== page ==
Officially The Worst Trade In Franchise History
John Hickey gets Bedard to talk, and it’s not good.
“The start after I hurt my hip, I felt discomfort in the last inning I pitched,” Bedard said. “I know exactly when I did it. After that it got worse and worse”.
“We knew what it was after the MRI — it’s a tear in the labrum and a cyst,” Bedard said. “Surgery was always an option, but you want it to be the last option. You’re never 100 percent sure what will happen in surgery.”
“The surgery we’re talking about can be six to nine months (of rehabilitation) or it can be longer,” Bedard said. “To not be able to pitch, that’s the most frustrating part of the whole season. To not be able to do what you love is hard.”
A torn labrum isn’t quite the career ender it used to be, but it’s still as bad an injury as a pitcher can have. Apparently, the whole “exploratory surgery” thing was a lie, as Bedard clearly believes he’s having his labrum repaired when they cut him open.
Realistically, this news puts Bedard out until at least June or July of 2009. Since Bedard’s eligible for arbitration this winter and the team would have to offer him at least $6 million, there’s a pretty good chance he’s going to be non-tendered. In which case, he’d almost certainly sign elsewhere, and the Erik Bedard era in Seattle would be over.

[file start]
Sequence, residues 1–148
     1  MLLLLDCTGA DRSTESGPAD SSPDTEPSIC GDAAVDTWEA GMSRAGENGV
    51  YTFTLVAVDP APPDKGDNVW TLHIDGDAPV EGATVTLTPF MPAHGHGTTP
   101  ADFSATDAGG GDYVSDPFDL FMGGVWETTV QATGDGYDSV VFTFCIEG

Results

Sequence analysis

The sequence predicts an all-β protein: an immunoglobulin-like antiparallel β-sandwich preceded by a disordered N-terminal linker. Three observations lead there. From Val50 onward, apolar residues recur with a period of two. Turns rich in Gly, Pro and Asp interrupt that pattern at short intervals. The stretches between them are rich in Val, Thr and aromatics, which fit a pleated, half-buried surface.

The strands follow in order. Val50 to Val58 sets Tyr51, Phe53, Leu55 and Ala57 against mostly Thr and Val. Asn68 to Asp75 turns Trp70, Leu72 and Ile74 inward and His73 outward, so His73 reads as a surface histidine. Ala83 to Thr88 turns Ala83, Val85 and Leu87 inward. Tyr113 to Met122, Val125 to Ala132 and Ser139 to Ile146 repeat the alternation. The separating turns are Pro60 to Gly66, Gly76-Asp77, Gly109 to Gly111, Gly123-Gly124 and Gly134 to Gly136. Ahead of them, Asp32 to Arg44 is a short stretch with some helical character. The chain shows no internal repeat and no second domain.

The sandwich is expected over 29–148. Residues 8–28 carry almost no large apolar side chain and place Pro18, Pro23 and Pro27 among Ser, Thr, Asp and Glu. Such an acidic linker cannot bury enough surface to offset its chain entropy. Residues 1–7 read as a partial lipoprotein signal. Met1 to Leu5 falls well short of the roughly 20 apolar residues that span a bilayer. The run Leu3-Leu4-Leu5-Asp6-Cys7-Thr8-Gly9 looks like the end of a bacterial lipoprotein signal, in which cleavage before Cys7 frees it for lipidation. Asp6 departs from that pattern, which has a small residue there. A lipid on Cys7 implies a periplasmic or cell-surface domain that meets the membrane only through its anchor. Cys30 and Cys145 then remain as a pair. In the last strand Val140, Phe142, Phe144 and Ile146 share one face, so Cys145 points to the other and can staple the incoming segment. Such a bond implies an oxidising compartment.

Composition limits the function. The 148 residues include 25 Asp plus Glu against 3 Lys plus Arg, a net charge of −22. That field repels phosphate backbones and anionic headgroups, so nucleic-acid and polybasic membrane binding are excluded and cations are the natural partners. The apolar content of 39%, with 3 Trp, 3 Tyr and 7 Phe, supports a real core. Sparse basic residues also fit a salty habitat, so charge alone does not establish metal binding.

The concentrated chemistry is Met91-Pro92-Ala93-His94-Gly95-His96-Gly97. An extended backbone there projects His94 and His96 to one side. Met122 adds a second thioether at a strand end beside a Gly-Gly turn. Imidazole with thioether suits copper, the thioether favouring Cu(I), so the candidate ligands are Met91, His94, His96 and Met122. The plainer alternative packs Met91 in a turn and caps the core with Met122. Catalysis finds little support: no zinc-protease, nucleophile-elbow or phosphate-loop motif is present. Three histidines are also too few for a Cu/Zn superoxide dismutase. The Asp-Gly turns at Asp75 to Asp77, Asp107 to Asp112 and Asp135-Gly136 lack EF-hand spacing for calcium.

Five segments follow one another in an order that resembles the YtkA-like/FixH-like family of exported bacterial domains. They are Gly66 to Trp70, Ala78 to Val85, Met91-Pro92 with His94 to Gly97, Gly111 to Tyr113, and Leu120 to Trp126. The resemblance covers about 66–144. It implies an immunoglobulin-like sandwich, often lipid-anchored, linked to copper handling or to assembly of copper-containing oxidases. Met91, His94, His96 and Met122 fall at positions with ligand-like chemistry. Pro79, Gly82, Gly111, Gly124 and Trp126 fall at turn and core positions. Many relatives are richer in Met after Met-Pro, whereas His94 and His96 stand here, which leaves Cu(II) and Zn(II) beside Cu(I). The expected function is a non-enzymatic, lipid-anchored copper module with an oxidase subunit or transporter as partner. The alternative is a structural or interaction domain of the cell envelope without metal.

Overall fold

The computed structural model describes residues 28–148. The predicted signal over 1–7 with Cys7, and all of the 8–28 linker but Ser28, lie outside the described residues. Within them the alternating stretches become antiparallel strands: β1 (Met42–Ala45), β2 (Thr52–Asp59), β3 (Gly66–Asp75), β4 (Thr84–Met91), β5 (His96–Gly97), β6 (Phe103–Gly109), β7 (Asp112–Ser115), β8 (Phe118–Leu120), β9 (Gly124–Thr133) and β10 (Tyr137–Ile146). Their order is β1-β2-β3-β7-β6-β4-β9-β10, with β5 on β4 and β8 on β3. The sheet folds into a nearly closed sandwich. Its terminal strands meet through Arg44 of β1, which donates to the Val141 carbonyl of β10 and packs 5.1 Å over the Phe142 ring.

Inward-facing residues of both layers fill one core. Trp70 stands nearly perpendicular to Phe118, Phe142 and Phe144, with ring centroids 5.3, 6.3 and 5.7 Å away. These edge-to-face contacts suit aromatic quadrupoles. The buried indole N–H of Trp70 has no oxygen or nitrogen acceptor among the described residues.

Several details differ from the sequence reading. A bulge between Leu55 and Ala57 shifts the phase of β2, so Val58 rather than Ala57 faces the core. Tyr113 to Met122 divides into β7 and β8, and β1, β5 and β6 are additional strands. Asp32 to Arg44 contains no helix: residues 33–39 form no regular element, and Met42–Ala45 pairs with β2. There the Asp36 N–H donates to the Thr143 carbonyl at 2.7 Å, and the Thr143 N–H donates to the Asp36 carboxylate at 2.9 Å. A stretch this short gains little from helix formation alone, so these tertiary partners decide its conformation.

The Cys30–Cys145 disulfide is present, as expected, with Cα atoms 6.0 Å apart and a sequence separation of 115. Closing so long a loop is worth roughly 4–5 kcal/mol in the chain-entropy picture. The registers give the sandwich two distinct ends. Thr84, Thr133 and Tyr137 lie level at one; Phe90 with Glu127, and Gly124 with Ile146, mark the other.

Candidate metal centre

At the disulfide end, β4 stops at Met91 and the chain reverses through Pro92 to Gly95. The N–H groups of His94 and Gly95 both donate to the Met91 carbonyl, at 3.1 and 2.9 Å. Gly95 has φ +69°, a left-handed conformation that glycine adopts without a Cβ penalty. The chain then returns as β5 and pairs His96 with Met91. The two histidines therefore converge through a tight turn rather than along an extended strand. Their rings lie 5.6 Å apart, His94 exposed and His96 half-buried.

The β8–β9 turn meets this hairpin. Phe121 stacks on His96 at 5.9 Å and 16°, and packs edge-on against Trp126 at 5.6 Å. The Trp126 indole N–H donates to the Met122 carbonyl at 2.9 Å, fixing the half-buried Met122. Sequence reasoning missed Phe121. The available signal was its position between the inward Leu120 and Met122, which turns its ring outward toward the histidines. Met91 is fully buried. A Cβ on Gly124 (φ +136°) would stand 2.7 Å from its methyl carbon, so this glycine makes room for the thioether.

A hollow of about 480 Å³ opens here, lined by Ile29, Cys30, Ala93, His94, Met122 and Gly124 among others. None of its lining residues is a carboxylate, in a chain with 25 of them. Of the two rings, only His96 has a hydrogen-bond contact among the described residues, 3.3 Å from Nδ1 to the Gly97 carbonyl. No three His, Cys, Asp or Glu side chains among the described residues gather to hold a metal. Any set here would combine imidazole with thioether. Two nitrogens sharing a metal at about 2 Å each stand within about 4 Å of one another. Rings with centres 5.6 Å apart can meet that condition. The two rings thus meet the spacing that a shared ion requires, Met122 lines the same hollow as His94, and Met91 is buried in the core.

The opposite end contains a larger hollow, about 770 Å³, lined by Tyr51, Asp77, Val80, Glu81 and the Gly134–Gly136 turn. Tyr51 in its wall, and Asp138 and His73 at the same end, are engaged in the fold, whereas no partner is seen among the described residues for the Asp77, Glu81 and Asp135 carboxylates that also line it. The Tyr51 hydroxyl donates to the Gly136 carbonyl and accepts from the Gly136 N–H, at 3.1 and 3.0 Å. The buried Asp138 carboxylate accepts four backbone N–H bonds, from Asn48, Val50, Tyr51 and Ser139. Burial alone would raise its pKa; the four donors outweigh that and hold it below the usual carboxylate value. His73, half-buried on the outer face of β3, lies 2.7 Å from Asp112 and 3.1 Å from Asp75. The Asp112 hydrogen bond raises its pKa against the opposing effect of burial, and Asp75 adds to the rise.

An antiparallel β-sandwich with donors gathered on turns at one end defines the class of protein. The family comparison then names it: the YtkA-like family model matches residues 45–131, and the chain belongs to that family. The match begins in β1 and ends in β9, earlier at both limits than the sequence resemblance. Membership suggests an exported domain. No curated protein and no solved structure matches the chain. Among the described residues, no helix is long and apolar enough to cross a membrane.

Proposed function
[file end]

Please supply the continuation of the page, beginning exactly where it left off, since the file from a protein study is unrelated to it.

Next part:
80 meaningless innings in the worst season ever – that’s potentially Bedard’s entire Mariner career. No trading him for some prospects to try to recoup the losses. No draft picks when he leaves as a free agent. Just labrum surgery and a potential release, while the M’s try to rebuild without the core of their farm system, now enjoying success in Baltimore.
In terms of results, this is easily the worst trade in franchise history. Everyone involved in making that trade should resign in disgrace.